The gopīs therefore received Uddhava very happily and began to speak as follows: “We have heard that King Kaṁsa, who was always a source of trouble for the Yadu dynasty, has now been killed. This is good news for us. We hope, therefore, that the members of the Yadu dynasty are very happy in the association of Kṛṣṇa, who can fulfill all the desires of His devotees. My dear Uddhava, kindly let us know whether Kṛṣṇa sometimes thinks of us while in the midst of the highly enlightened society girls in Mathurā. We know that the women and girls in Mathurā are not village women. They are enlightened and beautiful. Their bashful smiling glances and other feminine features must be very pleasing to Kṛṣṇa. We know very well that Kṛṣṇa is always fond of the behavior of beautiful women. It seems, therefore, that He has been entrapped by the women of Mathurā. My dear Uddhava, will you kindly let us know if Kṛṣṇa sometimes remembers us while in the midst of other women?”
Another gopī inquired, “Does He remember that night in the midst of kumuda flowers and moonlight, when Vṛndāvana became exceedingly beautiful? Kṛṣṇa was dancing with us, and the atmosphere was surcharged with the sound of foot bells. We exchanged pleasing conversation then. Does He remember that particular night? We remember that night, and we feel separation. Separation from Kṛṣṇa makes us agitated, as if there were fire in our bodies. Does He propose to come back to Vṛndāvana to extinguish that fire, just as a cloud appears in the sky to extinguish a forest fire by its downpour?”
Another gopī said, “Kṛṣṇa has killed His enemy, and He has victoriously achieved the kingdom of Kaṁsa. Maybe He is married with a king’s daughter by this time and living happily among His kinsmen and friends. Therefore, why should He come to this village of Vṛndāvana?”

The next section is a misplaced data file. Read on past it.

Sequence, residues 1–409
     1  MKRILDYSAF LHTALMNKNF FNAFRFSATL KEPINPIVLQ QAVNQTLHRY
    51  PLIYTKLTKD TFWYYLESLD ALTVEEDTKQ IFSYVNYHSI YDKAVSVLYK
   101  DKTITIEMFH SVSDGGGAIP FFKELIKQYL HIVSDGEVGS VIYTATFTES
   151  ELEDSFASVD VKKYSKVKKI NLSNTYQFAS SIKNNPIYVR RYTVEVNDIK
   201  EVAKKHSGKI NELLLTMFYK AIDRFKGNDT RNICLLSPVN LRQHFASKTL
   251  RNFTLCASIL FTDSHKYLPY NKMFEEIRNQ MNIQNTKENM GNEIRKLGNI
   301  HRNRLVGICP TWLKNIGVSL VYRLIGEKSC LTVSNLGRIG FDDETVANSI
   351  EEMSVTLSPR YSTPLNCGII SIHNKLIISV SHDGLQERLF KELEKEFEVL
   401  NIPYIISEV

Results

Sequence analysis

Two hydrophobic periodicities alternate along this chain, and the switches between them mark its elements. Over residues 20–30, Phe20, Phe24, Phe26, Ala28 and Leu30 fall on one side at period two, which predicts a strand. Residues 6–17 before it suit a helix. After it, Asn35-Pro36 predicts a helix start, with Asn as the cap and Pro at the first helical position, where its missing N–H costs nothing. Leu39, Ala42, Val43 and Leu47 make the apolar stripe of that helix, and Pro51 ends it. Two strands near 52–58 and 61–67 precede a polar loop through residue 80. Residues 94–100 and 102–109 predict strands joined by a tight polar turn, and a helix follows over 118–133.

Another gopī said, “Kṛṣṇa is the Supreme Personality of Godhead, the husband of the goddess of fortune, and He is self-sufficient. He has no business either with us, the girls in the Vṛndāvana forest, or with the city girls in Mathurā. He is the great Supersoul; He has nothing to do with any of us, either here or there.”
Another gopī said, “It is an unreasonable hope for us to expect Kṛṣṇa to come back to Vṛndāvana. We should try instead to be happy in disappointment. Even Piṅgalā, the great prostitute, said that disappointment is the greatest pleasure. We all know these things, but it is very difficult for us to give up the expectation of Kṛṣṇa’s coming back. Who can forget a solitary conversation with Kṛṣṇa, on whose chest the goddess of fortune always remains, in spite of Kṛṣṇa’s not desiring her? My dear Uddhava, Vṛndāvana is the land of rivers, forests and cows. Here the vibration of the flute was heard, and Kṛṣṇa, along with His elder brother, Śrī Balarāma, enjoyed the atmosphere in our company. Thus the environment of Vṛndāvana constantly reminds us of Kṛṣṇa and Balarāma. On the land of Vṛndāvana are the impressions of His footprints, the residence of the goddess of fortune, and because of such signs we cannot forget Kṛṣṇa.”
The gopīs further expressed that Vṛndāvana was still full of all opulence and good fortune; there was no scarcity or want in Vṛndāvana as far as material necessities were concerned. But in spite of such opulence they could not forget Kṛṣṇa and Balarāma.
“We constantly remember various attractive features of beautiful Kṛṣṇa—His walking, His smiling, His joking words. We have all become lost by the dealings of Kṛṣṇa, and it is impossible for us to forget Him. We always pray to Him, exclaiming, ‘Dear Lord, dear husband of the goddess of fortune, dear Lord of Vṛndāvana and deliverer of the distressed devotees! We are now fallen and merged in an ocean of distress. Please, therefore, come back to Vṛndāvana and deliver us from this pitiable condition.’ ”